now calls 'variable priced sales contracts'), and, one way
or another, the company is short about 23 million ounces
of gold. This is a fantastic number and begs the question:
Could Barrick cover even if they wanted to?"

CBS MarketWatch placed a call to Barrick's Toronto
headquarters on Monday regarding the company's
exposure to the hedged market and was awaiting a
response.

The writer of a call option is giving the purchaser of that
contract the right to buy something, in this case gold, at
a strike price written in the contract. In exchange, the writer
of the option receives a little money, a premium. The
strategy for selling a call option is usually to enhance the
value of a security or a commodity when the investment is
declining in price, something that had been happening to
gold for years, until January.

Barrick, to its credit, said in its report to investors that
it will reduce exposure to hedging this year. The Toronto
company, world's second largest gold producer after
Newmont Mining, says it earned $46 million for the March
quarter, down from $87 million in the year-ago three-month
period.

Barrick, according to its quarterly report, sold half its gold
in the spot-deferred market for $365 an ounce. The fact that
it sold the other half in the spot market was a first for the
company. Barrick stated it expects half its gold for the
remainder of the year to be sold in the spot market, where
an ounce of gold is attached to no derivatives and gets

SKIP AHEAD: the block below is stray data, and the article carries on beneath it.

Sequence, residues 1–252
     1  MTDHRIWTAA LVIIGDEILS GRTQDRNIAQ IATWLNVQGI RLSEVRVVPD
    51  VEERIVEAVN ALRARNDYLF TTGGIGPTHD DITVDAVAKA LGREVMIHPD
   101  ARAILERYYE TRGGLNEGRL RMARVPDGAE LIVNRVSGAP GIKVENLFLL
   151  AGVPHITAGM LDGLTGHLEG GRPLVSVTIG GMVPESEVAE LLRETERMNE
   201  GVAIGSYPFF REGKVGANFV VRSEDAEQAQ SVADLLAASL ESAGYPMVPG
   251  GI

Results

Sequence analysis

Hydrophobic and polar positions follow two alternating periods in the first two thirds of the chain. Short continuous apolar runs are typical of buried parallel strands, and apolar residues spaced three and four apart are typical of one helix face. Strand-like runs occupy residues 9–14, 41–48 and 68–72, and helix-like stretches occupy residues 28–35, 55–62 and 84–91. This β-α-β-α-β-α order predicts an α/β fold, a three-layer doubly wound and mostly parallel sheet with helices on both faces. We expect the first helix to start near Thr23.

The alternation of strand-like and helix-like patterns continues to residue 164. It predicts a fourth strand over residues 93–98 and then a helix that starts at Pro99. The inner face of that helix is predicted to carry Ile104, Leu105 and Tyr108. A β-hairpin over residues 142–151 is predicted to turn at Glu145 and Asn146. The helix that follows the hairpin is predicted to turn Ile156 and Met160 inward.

exactly what the spot market is dictating for bullion.

Barrick also estimates that for every $25 increase in the
gold price, the company's annual earnings and cash flow
rise by approximately $70 million. "In total, 22 percent of
reserves, or 18 million ounces, are sold forward using
spot-deferred contracts at an average minimum price of
$344 per ounce, deliverable at the company's option
over the next 15 years," the company stated to investors.
"This position is down from 18.2 million ounces in the last
quarter of 2001 at an average price of $365 an ounce."

Of course, if gold prices were to shoot far higher, in rapid
fashion, Barrick, as a writer of call options, could find itself
required to deliver gold to buyers at prices that are below
the spot price of gold. Other distortions of the gold market
are possible in a gold rally.

Pollitt, the Toronto analyst, says theory and reality are like
night and day. "Converting dollars into gold is quite different
than converting gold into dollars," he said Monday morning.
"When the dreaded yellow metal was in the doldrums and
nobody cared, well, Barrick might have had a way out. But
now? Now you've got good company on the bid, now
you've got all those dollars chasing what little gold is left.
And any whiff that Barrick had stepped into the ring looking
for 23 million ounces would set the market ablaze."

Large gold producer Anglogold in South Africa this year
said it would continue to reduce its reliance on the
forward-sale, or hedging, of its gold production.
Non-hedged gold miners, led by Gold Fields of South
Africa, have seen their stocks outpace the gains of hedgers
Barrick and Anglogold by wide margins this year. Gold
Fields, its shares poised to shift to the New York Stock
Exchange on Thursday, is up almost 175 percent this
year vs. a 30 percent stock price gain for Barrick and
60 percent for Anglogold.

The use of derivatives in many different forms has
supporters, lukewarm and otherwise. Federal Reserve
Chairman Alan Greenspan in February testimony said
derivatives have "contributed to the development of a
far more flexible and efficient financial system."

Greenspan was not referring to any particular industry,
like waste management. Those sewers are best left to
derivative accountants, Buffett and Munger would say.